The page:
The Real Impact of the Downturn
Half Empty, Half Full
The silver lining on these figures is that half of these businesses appear to recognize that security is still critical in a downturn, perhaps even more so than in good economic times.
Shifting Risk Picture
As individuals see and experience the effects of the down economy, they may begin to take measures they never would have before considered to protect their own interests in case of a future layoff, like stealing company data with the intention of using it as leverage to gain employment with a competitor. A February study by the Ponemon Institute found that 59 percent of employees who leave or are asked to leave a company will steal company data, such as proprietary information and intellectual property, e-mail lists, customer contact lists and employee records.
All security leaders should be looking closely at these risk areas in their organizations and acting to close up gaps in protection.
Maintaining and Enhancing Security
It appears that, as other business functions often do, security returns to its core when it falls on hard times. Awareness programs are essential to strong security; for one, they are a force multiplier, basically turning employees and management into additional security eyes and ears. A good awareness program can stop many potential internal incidents like intellectual property theft and workplace violence events.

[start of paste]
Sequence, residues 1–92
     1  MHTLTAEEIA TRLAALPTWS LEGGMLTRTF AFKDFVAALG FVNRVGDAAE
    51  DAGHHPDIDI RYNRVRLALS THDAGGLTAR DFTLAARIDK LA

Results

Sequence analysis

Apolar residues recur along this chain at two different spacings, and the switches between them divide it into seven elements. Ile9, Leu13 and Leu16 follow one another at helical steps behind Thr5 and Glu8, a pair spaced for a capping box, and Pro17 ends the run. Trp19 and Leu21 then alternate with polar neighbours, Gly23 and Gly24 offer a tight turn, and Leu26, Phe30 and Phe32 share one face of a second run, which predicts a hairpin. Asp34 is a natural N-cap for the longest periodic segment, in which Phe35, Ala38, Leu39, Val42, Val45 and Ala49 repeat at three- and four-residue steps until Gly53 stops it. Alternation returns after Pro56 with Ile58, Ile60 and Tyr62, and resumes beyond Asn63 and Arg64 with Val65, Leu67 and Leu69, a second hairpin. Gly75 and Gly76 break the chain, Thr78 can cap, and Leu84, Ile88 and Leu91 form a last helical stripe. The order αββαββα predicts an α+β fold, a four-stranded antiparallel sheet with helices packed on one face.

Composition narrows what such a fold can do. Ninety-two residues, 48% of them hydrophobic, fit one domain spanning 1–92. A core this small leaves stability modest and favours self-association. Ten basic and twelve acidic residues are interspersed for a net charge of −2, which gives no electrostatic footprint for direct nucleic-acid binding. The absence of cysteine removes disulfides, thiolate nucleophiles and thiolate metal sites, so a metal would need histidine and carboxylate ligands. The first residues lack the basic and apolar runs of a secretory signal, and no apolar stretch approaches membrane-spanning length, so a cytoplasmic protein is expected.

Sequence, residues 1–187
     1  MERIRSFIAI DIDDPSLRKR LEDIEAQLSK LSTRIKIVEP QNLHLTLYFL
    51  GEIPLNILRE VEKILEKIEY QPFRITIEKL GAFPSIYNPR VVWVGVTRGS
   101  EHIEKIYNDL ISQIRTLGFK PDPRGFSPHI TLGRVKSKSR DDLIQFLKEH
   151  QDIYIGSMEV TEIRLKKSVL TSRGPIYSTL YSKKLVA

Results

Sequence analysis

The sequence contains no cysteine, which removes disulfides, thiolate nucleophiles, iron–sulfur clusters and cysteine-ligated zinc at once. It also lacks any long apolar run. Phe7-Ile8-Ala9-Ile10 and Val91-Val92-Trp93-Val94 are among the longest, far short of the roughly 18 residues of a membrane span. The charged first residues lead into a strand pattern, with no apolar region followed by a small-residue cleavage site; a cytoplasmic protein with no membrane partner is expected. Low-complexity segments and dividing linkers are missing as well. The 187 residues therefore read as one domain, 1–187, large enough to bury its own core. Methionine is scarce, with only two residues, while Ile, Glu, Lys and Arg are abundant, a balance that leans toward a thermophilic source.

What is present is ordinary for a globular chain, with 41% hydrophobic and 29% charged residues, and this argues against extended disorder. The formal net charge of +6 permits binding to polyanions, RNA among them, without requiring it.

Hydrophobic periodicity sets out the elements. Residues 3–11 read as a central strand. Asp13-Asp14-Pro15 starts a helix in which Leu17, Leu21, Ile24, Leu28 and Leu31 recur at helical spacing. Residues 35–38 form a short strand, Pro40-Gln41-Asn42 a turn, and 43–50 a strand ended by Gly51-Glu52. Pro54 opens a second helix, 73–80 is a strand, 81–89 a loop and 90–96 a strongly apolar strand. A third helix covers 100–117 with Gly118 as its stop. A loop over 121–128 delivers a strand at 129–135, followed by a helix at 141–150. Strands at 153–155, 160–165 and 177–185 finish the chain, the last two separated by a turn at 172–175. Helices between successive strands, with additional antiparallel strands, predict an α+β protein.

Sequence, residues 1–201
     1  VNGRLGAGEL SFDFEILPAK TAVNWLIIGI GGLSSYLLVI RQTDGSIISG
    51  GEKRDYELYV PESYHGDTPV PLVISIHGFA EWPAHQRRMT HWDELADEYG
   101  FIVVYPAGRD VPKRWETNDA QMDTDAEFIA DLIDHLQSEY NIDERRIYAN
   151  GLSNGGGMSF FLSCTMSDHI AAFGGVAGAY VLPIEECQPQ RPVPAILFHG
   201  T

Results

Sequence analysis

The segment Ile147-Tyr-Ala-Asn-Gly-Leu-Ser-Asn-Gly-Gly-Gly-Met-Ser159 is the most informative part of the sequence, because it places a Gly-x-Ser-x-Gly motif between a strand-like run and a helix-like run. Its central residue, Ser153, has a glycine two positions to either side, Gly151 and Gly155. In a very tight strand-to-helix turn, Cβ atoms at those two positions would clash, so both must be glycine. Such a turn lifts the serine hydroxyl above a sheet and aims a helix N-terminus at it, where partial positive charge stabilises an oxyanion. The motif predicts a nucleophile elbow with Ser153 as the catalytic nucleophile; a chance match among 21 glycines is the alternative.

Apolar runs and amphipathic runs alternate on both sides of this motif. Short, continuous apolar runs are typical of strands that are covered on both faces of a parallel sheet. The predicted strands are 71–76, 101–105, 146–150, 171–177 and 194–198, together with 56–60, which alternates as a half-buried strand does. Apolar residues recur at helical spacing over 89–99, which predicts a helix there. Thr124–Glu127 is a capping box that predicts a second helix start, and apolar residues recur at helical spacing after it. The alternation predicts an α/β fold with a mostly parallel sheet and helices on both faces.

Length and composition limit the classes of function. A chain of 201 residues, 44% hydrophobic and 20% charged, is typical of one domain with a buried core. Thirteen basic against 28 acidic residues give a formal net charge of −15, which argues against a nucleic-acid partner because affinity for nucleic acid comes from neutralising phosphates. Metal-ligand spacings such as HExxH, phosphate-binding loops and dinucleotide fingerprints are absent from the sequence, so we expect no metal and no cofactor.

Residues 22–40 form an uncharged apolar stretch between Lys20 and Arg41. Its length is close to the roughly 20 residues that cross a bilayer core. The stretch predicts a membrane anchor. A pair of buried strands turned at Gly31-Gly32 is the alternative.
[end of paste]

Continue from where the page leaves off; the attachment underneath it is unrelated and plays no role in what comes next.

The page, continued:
The second-most reported trend, just shy of tying with the first, was an active movement toward technology solutions. Like awareness programs, many technology solutions can act as force multipliers, maximizing protection and coverage. This quality may be making it easier for security leaders to show the value of technology investment in our economic downturn.
The final trend the Council identified in these responses was a move toward stronger prioritization of risk. Many respondents noted that they have decided company-wide, with the input of other business leaders, to focus resources on the greatest risks to the company. Before the downturn, many security organizations had the luxury of focusing on what may now be considered peripheral issues, reaching toward a goal of more perfect security, instead of most reasonable security. In this economic environment, however, the exercise of prioritizing risk and determining acceptable risk has become more critical.